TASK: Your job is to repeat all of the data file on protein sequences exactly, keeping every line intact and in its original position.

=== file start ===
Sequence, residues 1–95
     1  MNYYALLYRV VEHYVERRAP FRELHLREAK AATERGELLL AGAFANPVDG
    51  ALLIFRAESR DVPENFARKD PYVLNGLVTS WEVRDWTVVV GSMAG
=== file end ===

Sequence, residues 1–95
     1  MNYYALLYRV VEHYVERRAP FRELHLREAK AATERGELLL AGAFANPVDG
    51  ALLIFRAESR DVPENFARKD PYVLNGLVTS WEVRDWTVVV GSMAG